An aesthetic analysis of Final Fantasy XII in its general entirety from world to characters to gameplay.
This analysis is speculative and grounded in a very technical consideration of concepts as well as an underlying theory of art from a Hegelian perspective. A rather lengthy analysis of the game's aesthetic unity as a whole through its individual elements. Contents: The Concept of FFX: Letting Go The Concept Through Individuals: Present, Past, Villains… Continue reading Analysis: FFX—Anchored in the Past
FLCL is one of those shows I love for the sheer base aesthetics of it. Yeah, yeah. There is the whole puberty/growing up angle underlying the story, the sexual tensions and metaphors abound, and there are also all the references to otaku and general pop culture, and I can appreciate all that, but I originally… Continue reading FLCL: Medical Mechanica—Childish Adulthood
If you have not watched this film yet, watch it first. An enigmatic animation which leaves much to wonder, this film is set up magnificently from beginning to end. From the unique art style of Yoshitaka Amano to the soundtrack by Kano Yoshihiro, this film already grabs your attention by the sheer force of its… Continue reading Angel’s Egg (天使のたまご): A ‘Reflection’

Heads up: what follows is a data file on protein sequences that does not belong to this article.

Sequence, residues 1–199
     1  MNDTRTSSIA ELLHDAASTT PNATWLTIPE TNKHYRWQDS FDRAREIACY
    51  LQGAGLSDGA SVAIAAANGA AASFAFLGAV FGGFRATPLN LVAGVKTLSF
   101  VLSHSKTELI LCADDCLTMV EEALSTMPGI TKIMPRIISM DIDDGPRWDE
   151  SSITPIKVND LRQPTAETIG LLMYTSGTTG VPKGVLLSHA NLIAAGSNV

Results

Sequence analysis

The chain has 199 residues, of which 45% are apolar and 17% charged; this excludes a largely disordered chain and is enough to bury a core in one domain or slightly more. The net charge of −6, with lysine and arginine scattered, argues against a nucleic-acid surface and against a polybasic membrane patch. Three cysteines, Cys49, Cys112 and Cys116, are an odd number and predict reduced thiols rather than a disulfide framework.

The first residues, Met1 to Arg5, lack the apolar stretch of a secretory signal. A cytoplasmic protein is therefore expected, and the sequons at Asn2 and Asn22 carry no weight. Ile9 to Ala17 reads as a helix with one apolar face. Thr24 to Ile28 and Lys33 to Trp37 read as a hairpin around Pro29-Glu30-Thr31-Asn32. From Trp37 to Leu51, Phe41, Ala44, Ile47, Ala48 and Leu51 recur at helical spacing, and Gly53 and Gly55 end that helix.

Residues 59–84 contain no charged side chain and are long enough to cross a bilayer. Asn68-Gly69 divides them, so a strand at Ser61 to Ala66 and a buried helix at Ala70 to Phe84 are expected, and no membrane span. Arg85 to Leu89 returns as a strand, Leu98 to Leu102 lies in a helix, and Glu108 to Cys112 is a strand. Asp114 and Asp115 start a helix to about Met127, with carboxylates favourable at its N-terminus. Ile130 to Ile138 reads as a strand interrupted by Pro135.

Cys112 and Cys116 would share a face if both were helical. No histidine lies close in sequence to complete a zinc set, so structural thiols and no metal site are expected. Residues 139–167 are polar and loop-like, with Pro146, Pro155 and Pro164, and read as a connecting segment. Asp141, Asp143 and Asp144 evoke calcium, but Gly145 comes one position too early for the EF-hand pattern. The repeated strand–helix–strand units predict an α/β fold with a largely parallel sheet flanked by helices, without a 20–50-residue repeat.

To say that the art of this animation is beautiful and refreshing is an understatement. The watercolor brush style is superb and unique in a world of anime dominated by flat colors and smooth lines. The story itself is certainly a timeless one of the yearning for happiness in a world mediated by notions of happiness… Continue reading The Tale of Princess Kaguya: Divinity, Freedom, and Happiness
This animation is a favorite of greens and Bookchinites to be sure, but it goes far beyond such ecological concerns. As an animation it is very good, it has the typical Miyazaki character designs. As a story, however, this film is superb in that it is far more complex than most who watch it realize. There… Continue reading Princess Mononoke: Struggle and Life
On the theme of enchanted nature, its absence in modernity, yet its necessity.